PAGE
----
A couple of years ago my wife and I were on vacation and were doing a little shopping in a neat little "old town" area. We came upon a store selling Buddhist, Hindu and "metaphysical" goods. We went inside and had an enjoyable browse. The proprietor behind the cash register, it turned out, was a recent immigrant from Tibet. We had a lovely chat, including some talk about spiritual things. But the thought never crossed our minds to try to convert him, nor--apparently--he to convert us. It was genuinely interesting to hear his perspective and he appeared equally interested to hear ours. As we left the store, my wife remarked to me, "You know, for so many years, I would have been afraid to go into a store like that or to have an agendaless conversation with a person like that. It's nice to be free."

Friday, June 29, 2018

Thursday, June 28, 2018

When a minority imposes their religious beliefs/interpretations on the greater population, through the use of the government, it is theocracy. And theocracy always--ALWAYS--becomes cruel and oppressive. 

This is what we are seeing now in the U.S. with the unholy marriage between conservative Christians and Donald Trump. He will happily use them to further his authoritarian ambitions. They will happily use him to further their theocratic ambitions (which include repeal of Roe v. Wade, repeal of same-sex marriage and LGBTQ protections, further "religious freedom protections" for fundamentalist Christians and fewer protections for people of other faiths, etc.--all rooted in very tenuous interpretations of scripture). 

The longer this "theocratic creep" goes on in our government, the more entrenched and expansive it will become--despite being an expression of the will and values of a minority. 

These upcoming mid-term elections, I suspect, really are going to be a critical time in U.S. history for the majority (who are not theocratically inclined) to rise up and put a stop to its spread and thus enact a course correction away from theocracy and back toward real liberty and justice for all.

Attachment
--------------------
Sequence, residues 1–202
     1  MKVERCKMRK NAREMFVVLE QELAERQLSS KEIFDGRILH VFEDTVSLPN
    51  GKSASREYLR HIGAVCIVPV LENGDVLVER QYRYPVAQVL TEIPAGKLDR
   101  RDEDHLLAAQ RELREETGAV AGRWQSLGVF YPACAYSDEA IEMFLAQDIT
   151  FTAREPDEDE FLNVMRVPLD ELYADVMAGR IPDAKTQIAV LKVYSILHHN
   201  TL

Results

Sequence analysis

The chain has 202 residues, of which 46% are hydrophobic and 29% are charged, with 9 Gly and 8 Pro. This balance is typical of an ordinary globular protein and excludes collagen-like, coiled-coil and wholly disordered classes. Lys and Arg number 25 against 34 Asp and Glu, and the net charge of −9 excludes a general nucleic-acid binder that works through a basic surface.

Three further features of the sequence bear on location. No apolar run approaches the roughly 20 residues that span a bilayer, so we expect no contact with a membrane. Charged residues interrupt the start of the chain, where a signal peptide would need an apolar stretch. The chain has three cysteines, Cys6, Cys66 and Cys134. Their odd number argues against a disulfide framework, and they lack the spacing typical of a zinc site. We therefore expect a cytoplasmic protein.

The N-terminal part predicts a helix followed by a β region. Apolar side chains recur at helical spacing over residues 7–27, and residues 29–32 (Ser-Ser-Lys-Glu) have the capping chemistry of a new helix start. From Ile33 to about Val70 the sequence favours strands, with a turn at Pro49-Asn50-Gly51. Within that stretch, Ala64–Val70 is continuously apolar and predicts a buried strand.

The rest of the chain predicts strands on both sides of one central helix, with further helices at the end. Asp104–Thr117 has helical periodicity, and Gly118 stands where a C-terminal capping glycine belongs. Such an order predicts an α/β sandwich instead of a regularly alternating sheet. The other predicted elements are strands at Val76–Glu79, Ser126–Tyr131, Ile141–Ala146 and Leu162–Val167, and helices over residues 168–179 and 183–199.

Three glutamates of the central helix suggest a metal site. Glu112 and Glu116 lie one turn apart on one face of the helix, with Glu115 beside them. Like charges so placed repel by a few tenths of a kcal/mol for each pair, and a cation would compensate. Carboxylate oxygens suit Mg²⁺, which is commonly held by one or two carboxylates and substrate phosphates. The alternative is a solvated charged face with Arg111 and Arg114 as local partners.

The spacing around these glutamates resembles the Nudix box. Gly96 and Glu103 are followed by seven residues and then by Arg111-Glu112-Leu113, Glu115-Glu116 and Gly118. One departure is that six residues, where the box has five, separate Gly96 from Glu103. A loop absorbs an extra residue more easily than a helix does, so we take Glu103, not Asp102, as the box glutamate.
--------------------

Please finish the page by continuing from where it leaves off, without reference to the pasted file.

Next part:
Monday, June 18, 2018

Saturday, June 16, 2018

Process Theology And Alfred North Whitehead with Daniel Coleman

My interview with Clint Sabom a few weeks ago for his Contemplative Light podcast has just been posted on Youtube.

Excerpt: "Interview with Daniel Coleman, author of Presence and Process.  Draws on ideas of Alfred North Whitehead to understand God as a verb.  This is a very helpful perspective for any mystic and spiritual seeker."

“I would cite you to the Apostle Paul and his clear and wise command in Romans 13, to obey the laws of the government because God has ordained them for the purpose of order. Orderly and lawful processes are good in themselves and protect the weak and lawful.”
-- U.S. Attorney General Jeff Sessions, this week, explaining (what he claims to be) the Biblical justification for Trump's "zero tolerance" policy toward undocumented immigrants, which includes detaining children as well as adults and separating children from their parents.

“I can say that it is very biblical to enforce the law. That is actually repeated a number of times throughout the Bible."
-- White House Press Secretary Sarah Huckabee Sanders' response, this week, to press questions about Sessions' statement.

If you are a pastor who will be delivering a sermon tomorrow morning and you do not plan to speak out against this egregious misuse of the Bible by government officials for the purpose of justifying the mistreatment of immigrants, you should probably go find a different job. If you don't understand why it is an egregious misuse of the Bible, you should definitely go find a different job.

Thursday, June 07, 2018

Sunday, June 03, 2018

Saturday, June 02, 2018

 "I'm wondering, as musicians, whether the most important thing we do is merely to provide a frame for silence.  I'm wondering if silence itself is perhaps the mystery at the heart of music.  And is silence the most perfect form of music of all?"


Friday, June 01, 2018

Thursday, May 31, 2018

Wednesday, May 23, 2018